SB Nation is a publishing company that was only ever possible because of the Internet. That it has to change its model because of AB 5 shows why AB 5 is fundamentally flawed.
Google’s continued dominance may not be intransigence, but rather the difficulty of regulating demand. Then, how Apple helps Google and Facebook, and Barry Diller isn’t blaming Google.
The First Amendment is not about a law, but rather a culture — specifically a culture of liberty. It is essential to tech, and in this context, Facebook is mostly right about political ads (but can still do better).
Libra launches, but may be dead before it begins. Then, Facebook v Warren is a reminder of the value of the U.S. approach — and an indirect way to explain how silly San Francisco is.
A horrifying article on Child Sexual Abuse Material online is actually a sign that Facebook is doing the right thing, at least for now. Encrypting private communications, though, may make things worse.
The current privacy debate is making things worse by not considering trade-offs, the inherent nature of digital, or the far bigger problems that come with digitizing the offline world.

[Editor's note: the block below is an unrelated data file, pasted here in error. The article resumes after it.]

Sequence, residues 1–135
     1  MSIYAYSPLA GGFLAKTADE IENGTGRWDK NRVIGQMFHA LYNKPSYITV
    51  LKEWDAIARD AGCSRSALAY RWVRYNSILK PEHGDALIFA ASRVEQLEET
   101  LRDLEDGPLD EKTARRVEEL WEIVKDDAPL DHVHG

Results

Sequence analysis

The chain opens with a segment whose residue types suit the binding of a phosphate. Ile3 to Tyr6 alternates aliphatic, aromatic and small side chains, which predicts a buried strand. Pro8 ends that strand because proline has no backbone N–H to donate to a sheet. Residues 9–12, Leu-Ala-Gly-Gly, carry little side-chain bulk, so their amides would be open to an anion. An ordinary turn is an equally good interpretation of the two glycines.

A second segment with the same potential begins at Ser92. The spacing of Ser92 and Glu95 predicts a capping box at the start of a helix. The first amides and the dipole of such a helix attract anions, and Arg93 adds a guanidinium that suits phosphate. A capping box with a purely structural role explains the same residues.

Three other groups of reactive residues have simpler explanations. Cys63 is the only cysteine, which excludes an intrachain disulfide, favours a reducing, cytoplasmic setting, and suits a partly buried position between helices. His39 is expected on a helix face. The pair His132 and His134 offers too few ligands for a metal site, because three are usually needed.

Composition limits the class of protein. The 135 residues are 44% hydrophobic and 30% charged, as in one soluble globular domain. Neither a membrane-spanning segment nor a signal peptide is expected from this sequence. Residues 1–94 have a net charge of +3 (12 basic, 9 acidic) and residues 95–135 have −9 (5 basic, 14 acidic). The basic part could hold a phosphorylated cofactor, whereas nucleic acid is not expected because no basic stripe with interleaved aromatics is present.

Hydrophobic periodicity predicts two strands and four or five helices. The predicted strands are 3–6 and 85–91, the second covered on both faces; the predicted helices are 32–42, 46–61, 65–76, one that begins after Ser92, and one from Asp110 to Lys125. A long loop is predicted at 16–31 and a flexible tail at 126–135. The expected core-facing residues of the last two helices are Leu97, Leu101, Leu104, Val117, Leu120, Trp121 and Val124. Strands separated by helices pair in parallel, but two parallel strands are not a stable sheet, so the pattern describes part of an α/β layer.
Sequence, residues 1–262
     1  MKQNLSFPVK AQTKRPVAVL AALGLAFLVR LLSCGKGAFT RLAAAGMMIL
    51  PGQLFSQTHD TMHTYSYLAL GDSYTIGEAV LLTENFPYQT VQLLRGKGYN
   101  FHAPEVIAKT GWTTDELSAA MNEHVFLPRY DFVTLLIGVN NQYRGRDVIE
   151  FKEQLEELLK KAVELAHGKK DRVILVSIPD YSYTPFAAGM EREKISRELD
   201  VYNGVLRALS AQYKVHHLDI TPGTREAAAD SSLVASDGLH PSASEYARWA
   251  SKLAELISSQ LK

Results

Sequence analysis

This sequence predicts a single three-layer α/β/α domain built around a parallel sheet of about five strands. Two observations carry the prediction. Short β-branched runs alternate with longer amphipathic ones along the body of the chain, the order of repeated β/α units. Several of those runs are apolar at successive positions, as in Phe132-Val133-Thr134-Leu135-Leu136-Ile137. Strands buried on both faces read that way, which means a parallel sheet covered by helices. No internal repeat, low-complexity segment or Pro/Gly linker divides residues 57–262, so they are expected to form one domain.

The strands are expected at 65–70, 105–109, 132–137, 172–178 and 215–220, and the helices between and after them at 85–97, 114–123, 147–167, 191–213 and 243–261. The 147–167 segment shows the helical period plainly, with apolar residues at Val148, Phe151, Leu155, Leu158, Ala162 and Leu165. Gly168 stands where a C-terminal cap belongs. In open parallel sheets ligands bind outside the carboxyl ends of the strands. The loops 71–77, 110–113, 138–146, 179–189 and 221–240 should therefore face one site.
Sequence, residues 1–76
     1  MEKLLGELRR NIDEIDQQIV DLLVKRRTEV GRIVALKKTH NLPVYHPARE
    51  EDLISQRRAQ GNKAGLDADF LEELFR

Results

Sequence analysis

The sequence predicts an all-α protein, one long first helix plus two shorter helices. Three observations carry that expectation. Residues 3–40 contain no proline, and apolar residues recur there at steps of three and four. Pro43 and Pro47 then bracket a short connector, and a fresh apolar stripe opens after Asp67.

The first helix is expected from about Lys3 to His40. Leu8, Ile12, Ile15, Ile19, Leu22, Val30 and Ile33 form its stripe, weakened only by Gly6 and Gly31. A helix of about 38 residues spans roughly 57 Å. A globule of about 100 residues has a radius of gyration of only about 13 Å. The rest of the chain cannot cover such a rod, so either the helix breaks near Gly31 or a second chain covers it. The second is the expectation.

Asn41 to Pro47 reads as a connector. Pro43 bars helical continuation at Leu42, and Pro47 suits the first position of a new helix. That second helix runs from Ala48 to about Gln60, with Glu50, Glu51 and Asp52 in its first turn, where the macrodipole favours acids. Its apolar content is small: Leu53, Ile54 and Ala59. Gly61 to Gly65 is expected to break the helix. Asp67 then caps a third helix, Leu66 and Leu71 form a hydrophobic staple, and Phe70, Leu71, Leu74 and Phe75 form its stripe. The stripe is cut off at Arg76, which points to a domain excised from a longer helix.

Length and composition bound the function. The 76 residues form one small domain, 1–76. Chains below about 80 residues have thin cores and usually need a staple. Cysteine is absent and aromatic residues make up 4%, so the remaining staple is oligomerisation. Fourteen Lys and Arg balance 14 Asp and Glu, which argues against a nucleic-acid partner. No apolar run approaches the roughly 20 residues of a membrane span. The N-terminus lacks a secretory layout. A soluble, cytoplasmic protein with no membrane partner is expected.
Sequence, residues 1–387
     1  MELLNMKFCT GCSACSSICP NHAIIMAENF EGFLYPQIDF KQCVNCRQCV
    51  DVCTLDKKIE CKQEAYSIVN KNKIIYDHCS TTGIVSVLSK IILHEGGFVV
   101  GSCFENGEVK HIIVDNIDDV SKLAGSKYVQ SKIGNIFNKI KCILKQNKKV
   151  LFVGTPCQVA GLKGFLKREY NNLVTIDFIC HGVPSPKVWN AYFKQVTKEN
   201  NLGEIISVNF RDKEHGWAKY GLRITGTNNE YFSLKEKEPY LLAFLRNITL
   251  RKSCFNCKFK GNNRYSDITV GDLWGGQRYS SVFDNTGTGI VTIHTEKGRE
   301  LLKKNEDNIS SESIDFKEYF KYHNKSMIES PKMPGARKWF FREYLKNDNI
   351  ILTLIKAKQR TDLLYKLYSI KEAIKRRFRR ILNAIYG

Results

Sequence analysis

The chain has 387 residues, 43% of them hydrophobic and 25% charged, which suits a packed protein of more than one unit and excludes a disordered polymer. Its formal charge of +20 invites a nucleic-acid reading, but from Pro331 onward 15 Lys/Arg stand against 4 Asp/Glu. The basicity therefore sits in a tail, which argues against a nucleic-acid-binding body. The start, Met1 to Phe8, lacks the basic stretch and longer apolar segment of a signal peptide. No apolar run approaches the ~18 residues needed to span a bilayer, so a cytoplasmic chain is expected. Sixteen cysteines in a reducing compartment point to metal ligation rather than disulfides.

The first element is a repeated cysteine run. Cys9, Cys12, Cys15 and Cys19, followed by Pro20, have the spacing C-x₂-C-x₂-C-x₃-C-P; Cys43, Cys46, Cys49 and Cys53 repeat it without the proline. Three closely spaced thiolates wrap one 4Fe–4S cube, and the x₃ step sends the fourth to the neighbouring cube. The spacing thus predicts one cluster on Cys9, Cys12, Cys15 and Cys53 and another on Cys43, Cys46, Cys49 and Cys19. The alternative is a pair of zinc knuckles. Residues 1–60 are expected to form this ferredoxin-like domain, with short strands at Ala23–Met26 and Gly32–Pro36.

The question of what should be moderated, and when, is an increasingly frequent one in tech. There is no bright line, but there are ways to get closer to an answer.
While Facebook, Libra, and the Long Game was about analysis, this Daily Update is about opinion: I don’t think Libra is a good idea.
Why the Wall Street Journals’ deal with Apple isn’t so bad, and how that applies to YouTube. Plus, why content regulation isn’t workable, and a review of Section 230. Then, Australia passes a truly terrible law.
Senator Warren’s proposal about how to regulate tech is wrong about history, the source of tech giant’s power, and the fundamental nature of technology itself. That doesn’t mean there aren’t real problems — and potential solutions — though.